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Date: 15 October 2022. Before and After Hurricane Ian (parts 1 and 2)


Living aboard a boat in a hurricane prone area means weather watching is a given. Fortunately Hurricane Ian missed me. There are changes however that I will make going into the future. Though Seaweed did receive some damage, it was minimal. I was very lucky. This page contains both
Before Hurricane Ian Arrived (part 1)  and After Hurricane Ian  (part 2).

The Hurricane Ian story was published in two parts. They are:

If you prefer everything on one page, this is the link you want:
Before and After Hurricane Ian (parts 1 and 2) ← This one

Date: 4 October 2022. Before Hurricane Ian Arrived (part 1)

Skipper and I were extremely fortunate in that Hurricane Ian turned east before it reached us. Locals here are grateful we are not dealing with the dreadful aftermath that storm wrought just 85 miles south of here. Preparing for Hurricane Ian took place over nearly a week. Some plans were executed well. Alas I did make avoidable mistakes too.

SEAWEED ↓ and I are based on the coast north of John's Pass in St. Petersburg, FL. Hurricane Ian made LANDFALL at Cayo Costa.

The hurricane's LANDFALL was at Cayo Costa, approximately 85 miles south of   ME.

Of course those of us in the region were carefully watching as the storm moved northward.

This graphic was prevalent in the local doom and gloom broadcasts:



Like many I follow  Mike's Weather Page aka http://spaghettimodels.com along with Wunderground (Weather Underground)


On Mike's Weather Page the tropical storm force wind speed probabilities graphic was prominently displayed. In that section I noticed there were links for two other graphics just above the tropical winds visual. Those were for a 50-knot winds probability image, and a third for hurricane force wind probabilities. These were far less scary as they showed a smaller area of potentially catastrophic hurricane force damage.

tropic storm force
wind speed probabilities

50-knot wind speed probabilities
hurricane force
wind speed probabilities


Though tropical storm winds were forecast for much of Florida,
the specific area with predicted hurricane winds was far smaller.




On the east coast my friend Irene decided to move her boat to a more protected anchorage. Of course with the stress of storm preparations, *Murphy's Law reared his ugly head.

*Murphy's Law: If something can go wrong, it will.

Folks naturally assume that lifting an anchor with a windlass will be problem-free. This is not necessarily what happens in real life.

Sometimes hauling in an anchor is a not simply pushing a button and watching the chain come up.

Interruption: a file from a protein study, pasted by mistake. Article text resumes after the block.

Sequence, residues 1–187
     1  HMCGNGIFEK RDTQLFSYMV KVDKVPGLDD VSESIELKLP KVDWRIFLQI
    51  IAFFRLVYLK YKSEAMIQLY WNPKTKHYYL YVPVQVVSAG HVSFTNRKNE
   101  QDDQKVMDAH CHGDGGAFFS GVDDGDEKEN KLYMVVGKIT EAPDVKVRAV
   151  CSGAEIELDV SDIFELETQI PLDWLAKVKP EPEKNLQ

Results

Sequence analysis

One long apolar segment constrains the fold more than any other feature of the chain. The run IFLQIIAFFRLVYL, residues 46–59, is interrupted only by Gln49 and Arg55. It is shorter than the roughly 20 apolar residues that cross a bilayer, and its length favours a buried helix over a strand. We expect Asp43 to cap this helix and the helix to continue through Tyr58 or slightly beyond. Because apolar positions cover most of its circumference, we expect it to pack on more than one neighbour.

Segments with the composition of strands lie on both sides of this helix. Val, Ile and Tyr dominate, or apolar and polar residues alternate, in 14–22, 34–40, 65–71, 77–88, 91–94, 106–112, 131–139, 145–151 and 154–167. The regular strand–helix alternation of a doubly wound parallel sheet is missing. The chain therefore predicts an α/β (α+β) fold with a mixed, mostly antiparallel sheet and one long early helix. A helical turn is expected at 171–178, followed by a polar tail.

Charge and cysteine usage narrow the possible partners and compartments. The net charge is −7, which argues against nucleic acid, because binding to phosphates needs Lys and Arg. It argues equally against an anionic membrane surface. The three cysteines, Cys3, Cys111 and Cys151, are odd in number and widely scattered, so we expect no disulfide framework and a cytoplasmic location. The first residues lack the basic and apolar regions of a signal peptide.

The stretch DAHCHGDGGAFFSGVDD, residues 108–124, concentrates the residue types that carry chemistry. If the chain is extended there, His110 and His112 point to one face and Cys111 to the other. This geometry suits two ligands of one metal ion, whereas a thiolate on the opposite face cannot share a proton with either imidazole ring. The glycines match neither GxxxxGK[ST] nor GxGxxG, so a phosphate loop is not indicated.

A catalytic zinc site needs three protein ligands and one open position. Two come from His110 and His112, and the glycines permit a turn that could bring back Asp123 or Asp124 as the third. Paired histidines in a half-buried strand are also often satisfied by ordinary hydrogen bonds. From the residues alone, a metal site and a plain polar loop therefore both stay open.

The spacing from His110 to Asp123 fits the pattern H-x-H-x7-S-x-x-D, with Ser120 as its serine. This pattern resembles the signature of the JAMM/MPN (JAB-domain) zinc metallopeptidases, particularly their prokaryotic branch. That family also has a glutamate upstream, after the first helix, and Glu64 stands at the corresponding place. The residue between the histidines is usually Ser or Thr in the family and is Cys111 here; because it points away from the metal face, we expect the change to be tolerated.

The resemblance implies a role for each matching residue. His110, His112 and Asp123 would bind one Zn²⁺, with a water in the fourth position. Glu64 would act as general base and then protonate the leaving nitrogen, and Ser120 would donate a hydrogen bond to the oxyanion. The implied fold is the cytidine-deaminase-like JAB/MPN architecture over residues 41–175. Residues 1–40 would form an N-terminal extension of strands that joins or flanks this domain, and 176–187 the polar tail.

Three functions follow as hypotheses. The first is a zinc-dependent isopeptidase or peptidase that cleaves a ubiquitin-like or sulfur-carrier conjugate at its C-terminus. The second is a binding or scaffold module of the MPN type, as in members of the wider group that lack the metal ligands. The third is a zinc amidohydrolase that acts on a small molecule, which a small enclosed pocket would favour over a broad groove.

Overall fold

Being able to deal with the unexpected is one sign of an experienced boater. Seeing a mast complete with rigging appear from the bottom is definitely not what one wishes for when planning to relocate for an impending hurricane. Fortunately, a long pier was nearby. Irene motored to the dock in order to untangle her chain from the mast.

If you ever wondered what you would not want to see when raising your anchor...

Boaters will come out to help when trouble occurs.


The good thing about chain is that it is strong. It is also a pain in
the transom to remove when wrapped three times around a mast.

Finally the chain was freed from the mast.

By the time the chain was untangled, the tide had turned. Irene opted to move to a nearby river to ride out the storm. Due to the falling tide she decided to wait until the next day to bring her boat over there. I told you about that place in the
Beryl Lessons article.

In the meantime, I chose to not go to an ATM for money on Saturday. Instead I waited until Monday. This was a mistake. With the storm heading my way, a mandatory evacuation order was in place. And there was zero money in the ATMs. I checked several without success. Argh!!!

That morning I had gotten into a discussion with Baby who wanted me to immediately evacuate. As the storm was then down by Cuba, that was not going to happen. The last time I was under a mandatory evacuation notice I had a TERRIBLE experience. I am old, and I don't forget. I told you about that dreadful time in the Hurricane Irma Saga series. I do not sugar coat my experience so... well, you've been warned.


In the midst of all this, with my stress levels rising ever higher I was
blessed. I had stopped by the post office, and there was a box for me!!!

Presents are always nice, and the items Pam sent were especially appreciated. Check out the goodies I was fortunate enough to receive...



Constant Comment is my "treat" tea. Usually I drink Lipton Bold or black, however when I want something special I turn to Constant Comment for the most part. It is delicious. I cannot wait to try the sweet and spicy tea too. Thank you Pam.

I was absolutely delighted by my new autumn dish towel. My old one has been getting dingy. It is at least ten years old, and well, this one is so bright and cheerful.

The weather has turned. It is cooler. Fall has arrived. This is my favorite time of the year.

Sweets are always welcome.


As I decorate for the seasons with dishtowels, this gift is just perfect. I am ready for autumn now.


The timing on the box's arrival was ideal. While dealing with storm preparations which included securing a half dozen nearby boats for the hurricane, arguing with people encouraging me to Get Out, then not being able to get cash, well, I was not having a good week. I confess that I was overcome with relief and joy at that wonderful box. It was just the thing to lift my spirits. Thanks again to you Pam. You are such a thoughtful person. Thank you!!!


Preparing for Hurricane Ian was accomplished over nearly a week. The neighbors worked together to get the boats secured. Still, all of us were watching as the storm approached. Had Ian not turned east, I would have evacuated.

As Ian was not going to make landfall near here, I felt comfortable staying on the beach. High tides were forecast and my friend Anisha invited Skipper and I to stay in her second story apartment next door should the water rise. She is incredibly kind.

Anisha is a lovely neighbor. She has made friends with the night herons. Striker hangs out (and on) Anisha!

Striker is a juvenile night heron.

The conclusion will be posted in a couple days.  Thank you for reading.

Date: 10 October 2022. After Hurricane Ian  (part 2)